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For comprehensive information (e.g. nutrition, medicinal values, recipes, history, harvesting tips, etc.) please check out our Stinging Nettle PDF magazine.
Stinging nettle is a large, rhizomatous perennial wild edible plant that can grow quite tall. Originally from Europe and Asia, this plant has sharp hairs that break easily and can irritate or sting when the plant is touched; however it is a vitamin-rich food source as well as a remedy for various medical conditions. Stinging nettle has been used for hundreds of years to treat painful muscles and joints, eczema, arthritis, gout, and anemia. Fibrous stems of mature plants can be used to make twine, fishing nets, snares and other items. Nettles were traditionally dried and fed to livestock throughout winter. In Europe the plants are harvested commercially for extraction of the chlorophyll, which is used as a safe green colouring agent (E140) in foods. There are between 30 and 45 species of flowering plants of the genus Urtica in the family Urticaceae.
Sharp, stinging, tiny hairs encompass this entire plant. Stinging nettles have tiny, fuzzy-like white flowers. This plant has a spinach-like taste.
Caution: When collecting stinging nettle always cover up all exposed skin. The swollen base of each tiny, hollow hair contains a droplet of formic acid. When the hair tip pierces the skin, the acid makes it into the skin causing anywhere from an annoying itch or burning that can last several minutes or a couple of days. Rubbing the stings with stinging nettle root or jewelweed has been used to suppress the itch/burning sensation.
This is a dioecious (staminate and pistillate flowers on different plants) plant with very small flowers. Staminate flower is greyish yellow: four tepals (like sepals). The flowers have four stamens and yellow anthers. Pistillate flower has four tepals in different-sized pairs, are greyish green and hairy. It has a single carpel and the stigma is brush-like. Inflorescence is catkin-like, 4–8 cm (1.6–3.2") long.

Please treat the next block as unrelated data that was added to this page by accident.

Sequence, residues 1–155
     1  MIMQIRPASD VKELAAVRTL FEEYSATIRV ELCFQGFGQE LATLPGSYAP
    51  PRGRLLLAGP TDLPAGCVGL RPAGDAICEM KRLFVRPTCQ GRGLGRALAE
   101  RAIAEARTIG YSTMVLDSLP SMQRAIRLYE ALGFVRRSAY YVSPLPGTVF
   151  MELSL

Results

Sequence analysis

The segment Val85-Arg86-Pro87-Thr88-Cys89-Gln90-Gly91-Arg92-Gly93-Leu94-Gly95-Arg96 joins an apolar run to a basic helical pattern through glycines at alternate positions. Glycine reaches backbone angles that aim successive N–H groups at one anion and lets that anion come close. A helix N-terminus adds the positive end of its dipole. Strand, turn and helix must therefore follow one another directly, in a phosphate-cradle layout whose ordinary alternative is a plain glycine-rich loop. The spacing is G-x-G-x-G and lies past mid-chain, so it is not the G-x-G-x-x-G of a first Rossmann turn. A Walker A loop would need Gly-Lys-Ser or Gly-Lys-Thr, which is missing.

This plant has fine toothed, tapered, somewhat heart-shaped leaves that are 3-15 cm. Thin catkins of tiny green flowers grow from the leaf axils.
Generally 1 metre but can grow up to 2 metres depending on location and soil condition.
Nettles generally appear in the same locations every year. They thrive in rich soil, moist woodlands, thickets, disturbed areas, along partially shaded trails and riversides.
Leaves, stems and roots are edible. Young leaves are preferable however, no matter how far into the growing season be sure to remember that until dried or cooked, stinging nettle leaves will have those stinging hairs – never eat them raw! Nettles make an excellent spinach substitute and can also be added to soups and stews. Nettle beer is brewed from the young shoots. Nettle root is used for medicinal purposes including enlarged prostate and when there is difficulty in urination due to BPH. Nettle tea made from the root can help urinary ailments. Tea made from the leaves is rich in iron and can aid coagulation and the formation of hemoglobin.
False Nettle, White Dead-Nettle.
Frosted Raw Cacao Nettle Bites, Leek and Nettle Soup, Wild Mustard Pesto, Nettle Pesto, Stinging Nettle Beer, Stinging Nettle Donuts, Stinging Nettle Hummus, Stinging Nettle Oat Cookies, Stinging Nettle Soup, Wild Roasted Cabbage, Wild Scalloped Potatoes
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EdibleWildFood.com is informational in nature. While we strive to be 100% accurate, it is solely up to the reader to ensure proper plant identification. Some wild plants are poisonous or can have serious adverse health effects.
We are not health professionals, medical doctors, nor are we nutritionists. It is up to the reader to verify nutritional information and health benefits with qualified professionals for all edible plants listed in this web site. Please click here for more information.